18. Awesome sharing Joel, thank you! And I can share that there are times when I have felt a very large shift happening in my relationships, to the point where I am thinking that it is time to get ‘divorced’ – that strong an urge! And yet when I sit with it and allow myself to feel it deeply, I get to realise that it is time for me to indeed ‘divorce’ but not from the person I love, but simply from my old way of being in that relationship. And so a huge shift takes place with an adjustment in how I relate to myself and to my loved one.

  19. Joel, I love this; ‘This meant no longer needing to be with the other person but appreciating what they brought to our life so deeply that the choice to be in a relationship with them was a no-brainer.’ I can feel how so often we stay in relationships for security and through fear of not wanting to things to change and fear of the unknown if we were not in a relationship. So it is very beautiful to make the choice to be in a relationship because we want to be with the other person because of everything they bring to our lives.

  20. The problem is not just that we may be committed first and foremost to a pattern but also that the people we choose to relate with fits it as well. So, the choice of patterns and people cannot always get disentangled.

  21. Relating between partners is an amazing learning ground. I’m learning every day and being aware of growing my own wings and the resistance to fly at times, the devastation felt and the returning to holding myself and repeat all over again until a true stop to this pattern. I’m giving myself lots of patience and acceptance and always allowing myself to feel.

  22. It’s quite a process uncovering the need we have of people, instead of living from the fullness of who we are and the love we have within ourselves. I find this in all kinds of relationships, there are areas where I believe I need another to be or act a certain way, and then also feeling the fullness of me at other times which places no demand on others and let’s them be, because I am allowing me to be all that I am. It’s a really honest enquiry we can make of ourselves to feel where we are in need, or allowing others the space to be themselves and offering all we are without expectations.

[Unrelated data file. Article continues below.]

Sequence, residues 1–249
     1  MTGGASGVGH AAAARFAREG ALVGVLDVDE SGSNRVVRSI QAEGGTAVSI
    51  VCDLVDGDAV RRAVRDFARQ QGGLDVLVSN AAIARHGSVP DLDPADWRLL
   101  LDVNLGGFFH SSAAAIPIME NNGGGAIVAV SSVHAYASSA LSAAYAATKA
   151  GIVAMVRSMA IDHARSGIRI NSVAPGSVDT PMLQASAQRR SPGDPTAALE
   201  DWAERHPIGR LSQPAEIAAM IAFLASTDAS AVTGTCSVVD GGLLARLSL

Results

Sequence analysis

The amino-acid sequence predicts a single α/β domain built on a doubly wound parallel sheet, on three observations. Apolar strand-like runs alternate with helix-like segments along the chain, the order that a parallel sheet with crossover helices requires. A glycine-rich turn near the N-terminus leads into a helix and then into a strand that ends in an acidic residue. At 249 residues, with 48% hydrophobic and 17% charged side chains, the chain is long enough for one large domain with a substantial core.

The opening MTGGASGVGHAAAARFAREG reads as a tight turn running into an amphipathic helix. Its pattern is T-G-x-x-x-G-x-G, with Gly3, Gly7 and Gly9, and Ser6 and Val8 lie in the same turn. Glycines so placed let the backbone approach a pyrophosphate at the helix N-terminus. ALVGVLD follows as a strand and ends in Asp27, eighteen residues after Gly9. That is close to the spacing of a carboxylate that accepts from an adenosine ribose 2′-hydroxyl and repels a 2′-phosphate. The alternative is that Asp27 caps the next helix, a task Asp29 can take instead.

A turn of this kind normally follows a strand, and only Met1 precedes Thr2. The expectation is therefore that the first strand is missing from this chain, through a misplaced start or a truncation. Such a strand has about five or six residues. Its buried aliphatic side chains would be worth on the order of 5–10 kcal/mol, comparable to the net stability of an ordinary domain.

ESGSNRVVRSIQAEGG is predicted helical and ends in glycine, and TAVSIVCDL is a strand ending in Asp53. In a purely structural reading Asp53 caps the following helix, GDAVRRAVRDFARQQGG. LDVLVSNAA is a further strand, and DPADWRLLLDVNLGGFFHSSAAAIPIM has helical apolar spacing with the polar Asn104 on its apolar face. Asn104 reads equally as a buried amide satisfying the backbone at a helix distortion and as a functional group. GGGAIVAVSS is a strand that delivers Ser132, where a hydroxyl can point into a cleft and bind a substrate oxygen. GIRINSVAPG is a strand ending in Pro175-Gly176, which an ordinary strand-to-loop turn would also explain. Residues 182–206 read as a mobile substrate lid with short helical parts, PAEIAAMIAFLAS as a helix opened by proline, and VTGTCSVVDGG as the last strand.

23. “I felt that if something went wrong in a relationship, it meant it was the end of the relationship… “couldn’t put Humpty together again.” ” – no matter how long the length of relationship, 8 days, 8 weeks, 8 months or 8 years, being with another human being and irrespective of what happens in it during that time i.e great or not so great, when we have the essence of understanding through being an observer of ourselves we realise the relationship has allowed us one of the greatest opportunities in which to grow, to grow in love and to evolve as a person. Then we see there is never a “wrong or bad relationship”, only a relationship and its contributing quality we are to learn from to support who we truly are.

  24. My experience is that in a true relationship you can go through many changes and it may take (many) years before the upheaval settles without needing to enter into an arrangement. However, eventually it can settle and the relationship gets more and more joyous and the upheavals shorter and shorter.

  25. Wow, how far away from relationships are we. We live in a world where everything is telling us that relationships are about fulfilling each other’s needs, yet a true connection with another is based on a connection with our essences – there are absolutely no problems when we are in our essence. So for us to stay stuck in the idea that we are “angels with one wing” is just a lie to keep us small and stuck in problems.